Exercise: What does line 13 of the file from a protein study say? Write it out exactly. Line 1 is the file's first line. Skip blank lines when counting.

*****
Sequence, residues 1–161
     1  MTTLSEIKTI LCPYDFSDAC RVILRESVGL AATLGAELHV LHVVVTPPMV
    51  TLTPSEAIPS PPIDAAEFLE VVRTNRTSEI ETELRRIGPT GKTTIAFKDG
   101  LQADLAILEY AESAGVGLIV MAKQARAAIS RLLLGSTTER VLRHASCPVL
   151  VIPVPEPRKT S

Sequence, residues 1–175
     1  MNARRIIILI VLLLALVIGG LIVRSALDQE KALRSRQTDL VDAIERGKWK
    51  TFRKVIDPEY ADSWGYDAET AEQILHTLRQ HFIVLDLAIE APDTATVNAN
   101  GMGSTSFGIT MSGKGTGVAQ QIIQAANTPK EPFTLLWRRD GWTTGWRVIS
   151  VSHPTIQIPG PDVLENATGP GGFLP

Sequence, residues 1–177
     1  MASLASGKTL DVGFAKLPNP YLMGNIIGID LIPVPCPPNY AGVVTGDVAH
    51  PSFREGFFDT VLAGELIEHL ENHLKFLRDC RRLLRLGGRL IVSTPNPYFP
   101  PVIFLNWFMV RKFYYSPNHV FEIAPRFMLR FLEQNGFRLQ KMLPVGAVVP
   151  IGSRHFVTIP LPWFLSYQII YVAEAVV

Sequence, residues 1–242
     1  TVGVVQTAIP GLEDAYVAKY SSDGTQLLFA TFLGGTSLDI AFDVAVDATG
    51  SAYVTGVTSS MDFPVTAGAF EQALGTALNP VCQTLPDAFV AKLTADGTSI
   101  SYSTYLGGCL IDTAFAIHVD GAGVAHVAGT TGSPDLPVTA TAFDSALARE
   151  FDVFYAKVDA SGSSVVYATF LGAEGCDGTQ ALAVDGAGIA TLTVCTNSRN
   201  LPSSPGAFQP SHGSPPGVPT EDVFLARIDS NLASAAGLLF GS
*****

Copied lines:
    51  PSFREGFFDT VLAGELIEHL ENHLKFLRDC RRLLRLGGRL IVSTPNPYFP